Thanks again to Dave Lull for spotting this piece about Peter De Vries, novelist, New Yorker writer and aphorist, in Commentary. “De Vries is one of the best comic novelists that America has ever produced, and comic novelists do poorly over the long run of literary history,” writes D.G. Myers. “Other than Mark Twain, Ring Lardner, and perhaps Dawn Powell, Americans have tended to discard their humorists after a generation. Josh Billings, Petroleum V. Nasby, Ambrose Bierce, George Ade, Finley Peter Dunne, Will Cuppy, James Thurber, Robert Benchley, Dorothy Parker, Wolcott Gibbs, E. B. White, Harry Golden, S. J. Perelman, H. Allen Smith, Leonard Q. Ross — these are names from a textbook, not living writers … De Vries developed a taste for verbal humor while working on a community newspaper in Chicago after leaving school. ‘The result,’ he told an interviewer: ‘I truly enjoy local, homespun philosophers. Right on top of that I actually did write Pepigrams [e.g., “To turn stumbling blocks into stepping stones — pick up your feet”], for use as wall mottoes and such. I got two bucks a Pepigram, and they got stuck in my blood.’ Selected pepigrams:
Life is a zoo in a jungle.
There are times when parenthood seems nothing but feeding the mouth that bites you.
When I can no longer bear to think of the victims of broken homes, I begin to think of the victims of intact ones.
The value of marriage is not that adults produce children, but that children produce adults.
Prove to me that there is a God and I will really begin to despair.
What people believe is a measure of what they suffer.
Human nature is pretty shabby stuff, as you may know from introspection.
We are not primarily put on this earth to see through one another, but to see one another through.
Every novel should have a beginning, a muddle, and an end.
Dave Lull comes through again, this time with notice of what just might be the first book-length publication of Nicolás Gómez-Dávila’s aphorisms (Geary’s Guide, pp. 331-332)—or, scholia, as he called them—Scholia to an Implicit Text, in a review in the journal First Things. “If Gómez-Dávila is ever declared a saint, admittedly a very remote possibility, he should be taken up as the patron of nihilists—which is to say, of most of us on our worst days,” writes . “His work is a complement to, if not a substitute for, gin, tobacco, and constant prayer.” There is also this piece by Chris R. Morgan in The American Conservative. Selected scholia:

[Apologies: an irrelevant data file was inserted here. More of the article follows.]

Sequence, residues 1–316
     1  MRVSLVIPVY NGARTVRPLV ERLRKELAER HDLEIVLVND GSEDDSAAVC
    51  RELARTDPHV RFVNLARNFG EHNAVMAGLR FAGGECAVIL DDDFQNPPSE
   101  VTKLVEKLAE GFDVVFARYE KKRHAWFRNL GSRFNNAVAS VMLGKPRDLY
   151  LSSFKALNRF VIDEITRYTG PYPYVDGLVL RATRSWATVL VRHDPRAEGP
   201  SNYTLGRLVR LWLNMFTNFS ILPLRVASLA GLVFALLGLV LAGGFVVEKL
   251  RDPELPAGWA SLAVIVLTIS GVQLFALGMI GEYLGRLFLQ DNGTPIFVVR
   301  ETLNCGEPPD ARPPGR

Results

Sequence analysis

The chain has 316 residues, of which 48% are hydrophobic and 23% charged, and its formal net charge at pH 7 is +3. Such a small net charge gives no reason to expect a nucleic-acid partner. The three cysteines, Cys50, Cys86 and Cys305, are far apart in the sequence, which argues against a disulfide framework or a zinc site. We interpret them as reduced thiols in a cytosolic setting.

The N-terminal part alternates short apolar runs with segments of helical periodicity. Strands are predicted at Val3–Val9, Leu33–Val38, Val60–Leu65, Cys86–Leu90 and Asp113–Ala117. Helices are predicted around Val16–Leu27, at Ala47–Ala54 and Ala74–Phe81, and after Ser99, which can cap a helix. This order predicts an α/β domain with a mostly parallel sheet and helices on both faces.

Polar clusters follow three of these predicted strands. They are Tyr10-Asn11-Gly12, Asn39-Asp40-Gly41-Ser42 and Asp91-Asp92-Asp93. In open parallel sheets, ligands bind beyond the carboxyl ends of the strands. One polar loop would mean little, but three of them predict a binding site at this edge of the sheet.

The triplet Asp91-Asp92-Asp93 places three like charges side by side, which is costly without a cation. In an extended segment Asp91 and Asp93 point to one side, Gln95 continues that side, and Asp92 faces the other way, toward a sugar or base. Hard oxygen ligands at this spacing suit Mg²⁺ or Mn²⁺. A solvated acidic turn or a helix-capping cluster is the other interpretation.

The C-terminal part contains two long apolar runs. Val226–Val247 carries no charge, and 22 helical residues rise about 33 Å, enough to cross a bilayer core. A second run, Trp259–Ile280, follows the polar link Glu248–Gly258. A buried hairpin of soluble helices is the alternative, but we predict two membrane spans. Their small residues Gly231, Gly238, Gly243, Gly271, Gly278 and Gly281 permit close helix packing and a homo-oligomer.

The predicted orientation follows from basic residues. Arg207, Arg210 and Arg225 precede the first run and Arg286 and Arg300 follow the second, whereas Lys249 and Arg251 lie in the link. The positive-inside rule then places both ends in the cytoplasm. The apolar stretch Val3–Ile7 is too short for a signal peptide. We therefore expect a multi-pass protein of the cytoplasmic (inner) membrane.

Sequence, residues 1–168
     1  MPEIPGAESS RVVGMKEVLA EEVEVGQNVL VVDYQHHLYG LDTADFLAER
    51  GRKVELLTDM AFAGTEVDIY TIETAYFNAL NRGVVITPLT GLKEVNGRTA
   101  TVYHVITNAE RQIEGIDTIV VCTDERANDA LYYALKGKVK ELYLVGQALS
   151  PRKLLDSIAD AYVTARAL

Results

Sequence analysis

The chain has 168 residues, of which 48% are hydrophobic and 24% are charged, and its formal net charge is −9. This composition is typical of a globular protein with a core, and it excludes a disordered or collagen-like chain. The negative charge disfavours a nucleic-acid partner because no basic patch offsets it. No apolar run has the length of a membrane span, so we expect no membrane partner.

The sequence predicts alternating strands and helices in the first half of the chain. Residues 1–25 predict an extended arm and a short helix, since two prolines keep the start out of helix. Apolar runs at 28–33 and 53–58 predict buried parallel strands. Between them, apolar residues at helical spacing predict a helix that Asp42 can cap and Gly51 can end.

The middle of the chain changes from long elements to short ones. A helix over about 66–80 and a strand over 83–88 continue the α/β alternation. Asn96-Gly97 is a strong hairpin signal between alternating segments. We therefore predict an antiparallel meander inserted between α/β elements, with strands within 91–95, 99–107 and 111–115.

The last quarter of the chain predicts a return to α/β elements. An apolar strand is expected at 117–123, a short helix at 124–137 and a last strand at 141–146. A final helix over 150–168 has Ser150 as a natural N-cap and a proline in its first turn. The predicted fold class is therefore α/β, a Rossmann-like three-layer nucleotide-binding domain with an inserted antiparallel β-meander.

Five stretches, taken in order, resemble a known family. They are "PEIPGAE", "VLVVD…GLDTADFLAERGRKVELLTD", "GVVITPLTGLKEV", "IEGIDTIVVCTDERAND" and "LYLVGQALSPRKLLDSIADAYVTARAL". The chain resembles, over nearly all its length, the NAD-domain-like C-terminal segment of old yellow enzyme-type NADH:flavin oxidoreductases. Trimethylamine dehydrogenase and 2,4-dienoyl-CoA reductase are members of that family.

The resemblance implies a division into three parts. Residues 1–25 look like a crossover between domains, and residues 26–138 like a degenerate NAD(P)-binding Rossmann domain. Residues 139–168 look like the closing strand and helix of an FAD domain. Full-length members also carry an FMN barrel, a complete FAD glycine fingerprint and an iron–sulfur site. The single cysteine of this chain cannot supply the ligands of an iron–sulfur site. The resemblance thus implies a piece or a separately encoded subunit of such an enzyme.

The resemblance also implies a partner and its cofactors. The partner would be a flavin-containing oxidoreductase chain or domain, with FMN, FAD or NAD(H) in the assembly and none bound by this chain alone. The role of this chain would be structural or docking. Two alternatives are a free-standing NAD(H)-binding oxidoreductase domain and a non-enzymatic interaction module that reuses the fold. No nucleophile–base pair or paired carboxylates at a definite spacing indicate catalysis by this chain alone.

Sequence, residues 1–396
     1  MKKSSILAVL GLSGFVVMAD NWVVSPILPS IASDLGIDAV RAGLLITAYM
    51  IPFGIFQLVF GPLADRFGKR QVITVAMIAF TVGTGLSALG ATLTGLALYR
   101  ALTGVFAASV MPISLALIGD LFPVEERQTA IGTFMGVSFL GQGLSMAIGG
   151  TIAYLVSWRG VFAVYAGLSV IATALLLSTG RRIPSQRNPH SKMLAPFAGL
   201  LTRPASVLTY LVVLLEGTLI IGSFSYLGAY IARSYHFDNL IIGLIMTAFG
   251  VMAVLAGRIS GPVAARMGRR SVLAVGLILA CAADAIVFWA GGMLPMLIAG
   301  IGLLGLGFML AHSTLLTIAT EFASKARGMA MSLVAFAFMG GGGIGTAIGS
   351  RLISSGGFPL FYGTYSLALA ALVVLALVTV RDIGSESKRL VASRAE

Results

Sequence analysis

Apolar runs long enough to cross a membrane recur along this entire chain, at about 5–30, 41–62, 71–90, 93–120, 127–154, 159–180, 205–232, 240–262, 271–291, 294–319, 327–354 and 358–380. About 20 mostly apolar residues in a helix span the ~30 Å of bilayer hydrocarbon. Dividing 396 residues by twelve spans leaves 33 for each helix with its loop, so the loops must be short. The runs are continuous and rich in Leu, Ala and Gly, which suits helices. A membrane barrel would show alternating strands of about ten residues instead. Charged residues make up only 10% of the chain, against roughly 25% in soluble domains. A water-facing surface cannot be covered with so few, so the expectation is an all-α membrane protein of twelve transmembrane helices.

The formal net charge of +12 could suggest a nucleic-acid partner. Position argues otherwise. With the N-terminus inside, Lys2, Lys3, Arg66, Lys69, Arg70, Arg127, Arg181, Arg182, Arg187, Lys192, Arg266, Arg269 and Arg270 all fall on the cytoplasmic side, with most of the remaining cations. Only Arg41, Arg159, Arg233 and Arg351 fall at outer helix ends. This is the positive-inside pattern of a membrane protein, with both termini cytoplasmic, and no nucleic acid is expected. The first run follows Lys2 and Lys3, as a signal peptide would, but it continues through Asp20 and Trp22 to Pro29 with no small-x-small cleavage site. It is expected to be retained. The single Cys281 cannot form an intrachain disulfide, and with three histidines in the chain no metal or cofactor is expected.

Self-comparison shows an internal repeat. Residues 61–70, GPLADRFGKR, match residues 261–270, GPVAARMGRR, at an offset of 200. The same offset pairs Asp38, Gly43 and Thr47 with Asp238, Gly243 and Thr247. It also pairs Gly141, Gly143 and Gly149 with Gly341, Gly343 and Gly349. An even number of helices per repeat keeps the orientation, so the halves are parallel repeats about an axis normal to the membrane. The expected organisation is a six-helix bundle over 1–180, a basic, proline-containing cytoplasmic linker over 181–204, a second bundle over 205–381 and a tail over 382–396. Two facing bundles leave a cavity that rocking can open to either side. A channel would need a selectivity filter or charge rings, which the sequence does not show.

Journalism was the cradle of literary criticism. The university is its grave.
Vulgarity consists not in what vulgar people do but in what pleases them.
Reading newspapers debases him whom it does not stultify.
The modern world shall not be punished. It is the punishment.
No folk tale has ever begun thus: ‘Once upon a time there was a president.’
Today there is no-one to fight for. Only against.
A nude body solves every problem of the universe.
Inspirational quotes operate as currency on social media – not only in terms of the way their wisdom is handled and passed on, but because motivational tweets have become a key indicator of a person worth following. In 2013, Forbes ran a list of the most influential people on social media. (There is no escape: clicking that link will activate a pop-up “Quote of the Day”. Enjoy!) Haydn Shaughnessy compiled the data, and noticed that the most influential people on Twitter offered a stream of motivational content. “When we looked at leading social media influencers in 2012, they were all people who created a lot of content. By 2013,” he says, “it was much more likely that a top influencer would be tweeting inspiration instead of creating separate content. The reason? People probably don’t read content anyway, they just share it.”
Read the rest of the piece here.
The metaphorically minded, aphoristically inclined Dave Lull sends links to three recent pieces on your favorite topic and mine: metaphor…
First, a nice overview of ‘metaphorical effects’, “instances in which a metaphor commonly used to describe a psychological state or social reality can, in turn, induce that state or reality,” writes Lisa Wade in Pacific Standard, including becoming suspicious when the odor of fish is present.
Second, an exploration of whether the brain notices, or cares, about the differences among literal, metaphorical, and idiomatic expressions, by Michael Chorost in The Chronicle of Higher Education.